The financial services industry is under attack by cyber criminals because it has information that is of great value to hackers.
This was the warning sent out by Tebogo Legodi, digital lead at Sanlam Employee Benefits, at the Sanlam Benchmark 2019 event hosted on the Spier Estate near Stellenbosch on Monday.
'Skilled and ruthless'
"Cyber hackers are professionals. They probably have their own ‘benchmark symposiums’ too.
"They are skilled and ruthless and some are probably even sponsored by states," she told delegates.
"Information security is no longer a nice-to-have. It is also required by the Protection of Personal Information Act and there could be fines of up to R10m or imprisonment of up to 10 years for missing some of the required components."
She further noted that the King IV Report for Corporate Governance addressed IT governance in detail for the first time.
"If you do not already have an information governance framework, you are already at a threat," said Legodi.
"According to the Allianz Risk Barometer for 2019, those surveyed named the cyber security as the most feared threat as far as business interruption is concerned."
She said financial services entities are beginning to realise the value of the data they have and that they are under attack by a new generation of criminals. According to research by IBM, there are about 17 billion cyber-attack incidents daily, and the most attacked industry is financial services, because of the data they have.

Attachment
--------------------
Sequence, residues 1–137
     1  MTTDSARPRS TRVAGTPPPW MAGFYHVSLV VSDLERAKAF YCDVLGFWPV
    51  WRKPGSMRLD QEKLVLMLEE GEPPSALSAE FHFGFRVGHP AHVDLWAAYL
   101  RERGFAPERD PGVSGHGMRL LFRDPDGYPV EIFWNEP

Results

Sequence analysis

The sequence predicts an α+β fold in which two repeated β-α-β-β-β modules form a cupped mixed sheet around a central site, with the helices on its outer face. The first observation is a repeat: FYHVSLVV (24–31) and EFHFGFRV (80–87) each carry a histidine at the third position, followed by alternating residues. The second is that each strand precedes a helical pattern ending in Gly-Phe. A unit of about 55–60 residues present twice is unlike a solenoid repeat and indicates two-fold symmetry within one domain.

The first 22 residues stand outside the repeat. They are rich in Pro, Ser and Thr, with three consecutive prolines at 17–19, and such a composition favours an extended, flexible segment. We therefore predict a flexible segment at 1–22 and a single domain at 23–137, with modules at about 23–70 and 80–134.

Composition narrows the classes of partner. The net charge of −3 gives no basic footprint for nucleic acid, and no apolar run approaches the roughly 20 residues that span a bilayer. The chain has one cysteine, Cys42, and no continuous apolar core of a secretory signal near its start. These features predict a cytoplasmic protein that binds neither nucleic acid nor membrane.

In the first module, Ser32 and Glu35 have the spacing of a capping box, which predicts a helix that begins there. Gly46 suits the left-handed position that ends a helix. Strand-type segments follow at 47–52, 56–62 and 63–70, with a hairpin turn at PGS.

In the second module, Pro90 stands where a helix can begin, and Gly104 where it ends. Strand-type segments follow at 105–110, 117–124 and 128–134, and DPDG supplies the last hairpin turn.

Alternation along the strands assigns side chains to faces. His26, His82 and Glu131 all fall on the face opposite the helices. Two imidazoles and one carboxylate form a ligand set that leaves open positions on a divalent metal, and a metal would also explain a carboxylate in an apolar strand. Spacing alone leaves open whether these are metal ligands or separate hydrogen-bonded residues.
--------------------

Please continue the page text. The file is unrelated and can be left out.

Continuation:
The third most attacked sector seemed to be consultants, as they also have a lot of information in their systems, making them "vulnerable and lucrative" for cyber criminals.
Research by Refinity shows that the typical cost of a cyber-breach for a business is about $4m, and the total cost of cyber-attacks in the world each year is estimated to be about $600bn - more than the cost of natural disasters.
Legodi said cyber criminals can sell the data they hack back to a company or can exploit it further by selling it to a third party with the ultimate aim being identity theft. "Poor internal security practices can enable phishing, social engineering by studying your social profile and weak passwords to wreak havoc," cautioned Legodi.
Key enablers for cyber resilience are aware people, a culture of being cyber savvy, training to combat cyber risk, and a structure which enables cyber security.
"Data loss can occur anywhere. It is not just an administrator’s problem. We need a collective effort in the financial services industry for cyber security resilience," said Legodi.
"Cyber risk cannot be ignored. We must also be mindful that the degree of cyber resilience can vary among fund managers. We must make cyber security as part of the culture in our industry."